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Climbers perish as they eye Mt Everest

by Staff Correspondent
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Ramesh Pokhrel | The TrickyScribe: Nepal Department of Tourism issued a record 381 permits to mountaineers willing to scale Mt Everest this time while climbers got three weather-windows to push for Sagarmatha between May 16 and 27 after a team of climbing Sherpas opened route to the summit on May 14. Not less than 200 climbers had to wait for nearly two hours in queues at bottlenecks on their way to the summit on May 22. Climbers, however, who died were not stuck in the jam, climbing guides told The TrickyScribe in Kathmandu.

AILING CLIMBERS

Indian climber, Anjali Kulkarni, died below the balcony area after she got sick while heading to the summit, Gyaljen Sherpa, who guided the 54-year-old climber, said. “She couldn’t even reach the jam area,” he said, adding that she had refused to abandon her summit push as she claimed she had invested the past decade’s earnings to make it to the summit this season.

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Indian climber Kalpana Das was guided by Gelbu Sherpa and Pemba Chhiri Sherpa on Mt Everest this season. “We had time and again requested her to abandon the summit push after she couldn’t move above the balcony area,” Gelbu said. “It took her more than 18 hours to reach the summit from Camp IV.” There was no congestion when she reached above the South Col, he added. Das, who complained of weakness, succumbed near the balcony area on the descent.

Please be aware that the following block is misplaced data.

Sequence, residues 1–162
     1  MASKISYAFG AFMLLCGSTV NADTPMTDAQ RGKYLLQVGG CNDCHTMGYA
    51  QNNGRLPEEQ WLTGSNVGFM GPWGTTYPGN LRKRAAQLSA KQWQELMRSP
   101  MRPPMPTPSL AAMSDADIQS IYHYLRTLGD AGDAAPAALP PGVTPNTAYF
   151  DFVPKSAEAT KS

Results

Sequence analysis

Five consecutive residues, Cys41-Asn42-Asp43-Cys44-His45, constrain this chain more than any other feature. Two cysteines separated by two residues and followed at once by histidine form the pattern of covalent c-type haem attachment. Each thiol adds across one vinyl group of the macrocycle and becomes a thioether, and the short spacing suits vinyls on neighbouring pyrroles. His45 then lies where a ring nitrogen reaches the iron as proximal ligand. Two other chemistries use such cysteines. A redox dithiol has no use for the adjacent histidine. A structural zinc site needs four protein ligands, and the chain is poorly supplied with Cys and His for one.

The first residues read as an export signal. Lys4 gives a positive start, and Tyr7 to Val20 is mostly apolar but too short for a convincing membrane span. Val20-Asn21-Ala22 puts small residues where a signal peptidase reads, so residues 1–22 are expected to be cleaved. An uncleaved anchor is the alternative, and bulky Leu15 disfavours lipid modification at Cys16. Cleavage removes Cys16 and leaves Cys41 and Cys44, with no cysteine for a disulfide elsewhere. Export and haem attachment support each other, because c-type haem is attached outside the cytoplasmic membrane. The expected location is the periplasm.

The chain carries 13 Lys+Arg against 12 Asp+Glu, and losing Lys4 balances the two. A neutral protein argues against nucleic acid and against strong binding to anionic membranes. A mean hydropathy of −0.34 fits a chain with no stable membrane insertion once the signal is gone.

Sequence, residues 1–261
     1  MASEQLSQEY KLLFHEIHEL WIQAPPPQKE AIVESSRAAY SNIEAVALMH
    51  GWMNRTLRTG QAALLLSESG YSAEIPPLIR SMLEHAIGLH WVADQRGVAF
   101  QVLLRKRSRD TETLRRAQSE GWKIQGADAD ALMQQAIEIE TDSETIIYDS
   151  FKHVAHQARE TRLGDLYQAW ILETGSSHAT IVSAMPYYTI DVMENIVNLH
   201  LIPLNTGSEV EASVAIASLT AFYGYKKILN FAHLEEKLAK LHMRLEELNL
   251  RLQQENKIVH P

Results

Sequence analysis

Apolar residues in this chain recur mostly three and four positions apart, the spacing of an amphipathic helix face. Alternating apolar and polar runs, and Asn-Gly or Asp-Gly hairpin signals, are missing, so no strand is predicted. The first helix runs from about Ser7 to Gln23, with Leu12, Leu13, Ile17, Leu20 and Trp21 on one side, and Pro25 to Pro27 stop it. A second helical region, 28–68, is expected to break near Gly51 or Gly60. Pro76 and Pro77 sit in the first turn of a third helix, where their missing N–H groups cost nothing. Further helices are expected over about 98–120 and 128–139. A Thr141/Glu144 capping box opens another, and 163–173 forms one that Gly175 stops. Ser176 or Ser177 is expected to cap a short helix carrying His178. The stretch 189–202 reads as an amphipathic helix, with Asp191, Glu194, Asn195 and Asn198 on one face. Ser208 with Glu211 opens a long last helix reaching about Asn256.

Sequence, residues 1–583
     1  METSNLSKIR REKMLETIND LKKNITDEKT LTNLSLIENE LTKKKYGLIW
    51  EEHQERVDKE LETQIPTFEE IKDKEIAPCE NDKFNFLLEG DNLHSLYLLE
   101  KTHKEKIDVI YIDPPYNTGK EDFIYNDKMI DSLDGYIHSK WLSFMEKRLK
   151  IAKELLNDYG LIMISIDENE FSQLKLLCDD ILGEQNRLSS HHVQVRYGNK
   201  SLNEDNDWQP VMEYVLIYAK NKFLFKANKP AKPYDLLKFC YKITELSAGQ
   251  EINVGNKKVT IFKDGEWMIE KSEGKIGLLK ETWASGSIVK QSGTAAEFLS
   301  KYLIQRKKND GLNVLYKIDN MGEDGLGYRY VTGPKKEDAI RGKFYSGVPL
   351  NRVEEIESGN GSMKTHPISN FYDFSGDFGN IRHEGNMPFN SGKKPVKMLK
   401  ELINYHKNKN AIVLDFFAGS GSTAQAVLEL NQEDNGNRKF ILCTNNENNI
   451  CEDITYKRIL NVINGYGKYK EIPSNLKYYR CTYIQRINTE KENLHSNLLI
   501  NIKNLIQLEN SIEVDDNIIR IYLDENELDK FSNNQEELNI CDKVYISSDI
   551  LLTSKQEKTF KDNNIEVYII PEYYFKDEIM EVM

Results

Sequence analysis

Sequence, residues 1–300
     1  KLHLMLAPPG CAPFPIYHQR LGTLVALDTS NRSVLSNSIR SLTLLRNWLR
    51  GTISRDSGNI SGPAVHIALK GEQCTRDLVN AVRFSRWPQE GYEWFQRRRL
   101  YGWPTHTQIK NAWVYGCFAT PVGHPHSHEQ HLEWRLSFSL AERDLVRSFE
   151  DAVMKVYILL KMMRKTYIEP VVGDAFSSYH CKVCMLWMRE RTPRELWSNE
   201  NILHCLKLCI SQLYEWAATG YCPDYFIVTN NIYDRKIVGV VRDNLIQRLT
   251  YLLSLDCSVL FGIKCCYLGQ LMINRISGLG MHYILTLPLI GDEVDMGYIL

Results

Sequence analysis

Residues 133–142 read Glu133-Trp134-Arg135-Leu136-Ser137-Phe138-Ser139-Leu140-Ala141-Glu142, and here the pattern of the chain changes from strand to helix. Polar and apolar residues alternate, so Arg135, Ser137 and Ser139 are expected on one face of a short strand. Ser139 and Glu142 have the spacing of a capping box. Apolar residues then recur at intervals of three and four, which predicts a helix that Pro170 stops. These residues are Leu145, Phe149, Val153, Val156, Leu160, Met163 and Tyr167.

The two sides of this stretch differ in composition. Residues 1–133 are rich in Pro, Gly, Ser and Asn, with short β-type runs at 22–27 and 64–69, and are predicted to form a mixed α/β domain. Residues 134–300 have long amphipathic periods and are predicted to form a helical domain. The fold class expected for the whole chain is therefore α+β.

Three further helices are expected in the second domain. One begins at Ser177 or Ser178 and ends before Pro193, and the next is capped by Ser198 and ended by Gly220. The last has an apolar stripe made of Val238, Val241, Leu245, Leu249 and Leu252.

Other climbers, including Irish professor Seamus Lawless, Indian climber Ravi Thakar, National Mountain Guide Dhurba Bista, British climber Robin Fisher and Colorado attorney Christopher Kulish died on days when there was no rush on Mt Everest.

NEPALESE AUTHORITIES SAVING FACE

Nepal’s tourism board is defending the number of permits it issued to climb Mt Everest for this season in which several climbers have died. Authorities claim they have no plans to restrict the number of permits the next year. They hope to attract still more tourists and climbers. The image of a crowded Everest linked to the death toll was spurred by a viral photo last week that showed climbers in their neon gear, packed in a tight, unforgiving queue to the highest point on Earth.

“There has been concern about the number of climbers on Mt Everest, but it is not because of the traffic jam that there were casualties,” said a high ranking official pleading anonymity. He pointed to weather conditions, insufficient oxygen supplies and equipment instead.

Gyanendra Shrestha, a liaison officer, who spent nearly a month at the base camp this season, also said that no one died due to traffic jam this season. Traffic jam often occurs every season, said Mingma Gyalje Sherpa, an international mountain guide who was on Mt Everest this season.

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